You can obtain more information from the law centre, from victim reception offices or from your lawyer.

During and after the application of the sentence, whether the offender is serving the sentence in prison or outside it, you can always have recourse to mediation.

More information:

  • Law on the external legal position of persons sentenced to a custodial sentence and on the rights of victims in connection with the manner in which sentences are served – in Link opens in new windowFrench or Dutch.

1. Civil Party:
You can register as a civil party before a judge, at any stage of the proceedings, even if you have not reported the crime to the police. This status gives you some additional rights:
  • to become a party in the proceedings;
  • to speak at the court hearing;
  • to be able to claim for compensation before the court;
  • to have your cost reimbursed after the trial; and
  • to have the right of an interpreter free of charge during the proceedings.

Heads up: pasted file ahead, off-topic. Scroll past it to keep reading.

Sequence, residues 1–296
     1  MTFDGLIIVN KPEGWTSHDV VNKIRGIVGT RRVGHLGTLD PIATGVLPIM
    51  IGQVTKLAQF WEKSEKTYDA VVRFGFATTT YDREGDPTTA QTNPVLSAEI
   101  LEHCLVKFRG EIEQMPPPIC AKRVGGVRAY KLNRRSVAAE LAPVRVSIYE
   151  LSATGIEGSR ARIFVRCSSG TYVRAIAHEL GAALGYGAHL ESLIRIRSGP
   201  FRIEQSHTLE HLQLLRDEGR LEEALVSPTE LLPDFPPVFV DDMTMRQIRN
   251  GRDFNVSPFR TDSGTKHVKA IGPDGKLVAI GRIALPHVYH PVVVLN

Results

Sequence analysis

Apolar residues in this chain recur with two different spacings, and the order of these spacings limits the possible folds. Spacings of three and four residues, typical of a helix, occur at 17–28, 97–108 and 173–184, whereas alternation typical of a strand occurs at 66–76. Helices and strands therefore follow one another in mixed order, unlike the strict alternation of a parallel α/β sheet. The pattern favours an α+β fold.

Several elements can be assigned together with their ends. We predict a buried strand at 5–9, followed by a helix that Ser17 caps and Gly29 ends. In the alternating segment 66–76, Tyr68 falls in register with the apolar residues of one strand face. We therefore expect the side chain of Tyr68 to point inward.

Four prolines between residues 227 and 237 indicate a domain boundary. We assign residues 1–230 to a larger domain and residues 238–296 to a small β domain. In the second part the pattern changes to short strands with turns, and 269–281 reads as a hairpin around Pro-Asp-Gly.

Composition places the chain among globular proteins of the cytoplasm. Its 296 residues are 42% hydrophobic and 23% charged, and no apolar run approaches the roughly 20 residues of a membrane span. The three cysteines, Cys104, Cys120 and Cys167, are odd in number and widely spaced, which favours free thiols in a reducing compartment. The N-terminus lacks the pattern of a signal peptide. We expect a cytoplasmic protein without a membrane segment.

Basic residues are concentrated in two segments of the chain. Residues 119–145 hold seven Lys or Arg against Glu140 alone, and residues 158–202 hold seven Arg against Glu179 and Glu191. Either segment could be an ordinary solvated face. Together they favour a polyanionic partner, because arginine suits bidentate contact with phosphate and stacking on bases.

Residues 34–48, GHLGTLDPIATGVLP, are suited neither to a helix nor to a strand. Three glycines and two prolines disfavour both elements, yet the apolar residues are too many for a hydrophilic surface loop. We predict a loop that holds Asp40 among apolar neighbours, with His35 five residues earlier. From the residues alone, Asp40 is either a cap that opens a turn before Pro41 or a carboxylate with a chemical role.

You can also join the proceedings that were already put in motion by the public prosecutor through a statement. This remains possible during the whole stage of investigation and before the court, but never in the stage of appeal against a court’s decision. In case of offence punishable by more than eight days of imprisonment you can take an action by filing a report with the investigating judge. The investigating judge is obliged to start a judicial investigation but after the end of the investigation it is still up to the judicial authorities to decide whether enough evidence exists to bring the offender before a court.
If you submit a civil claim you do have to prove the damage you are claiming for. The court will assess the eligibility of your civil claim and will admit or dismiss it.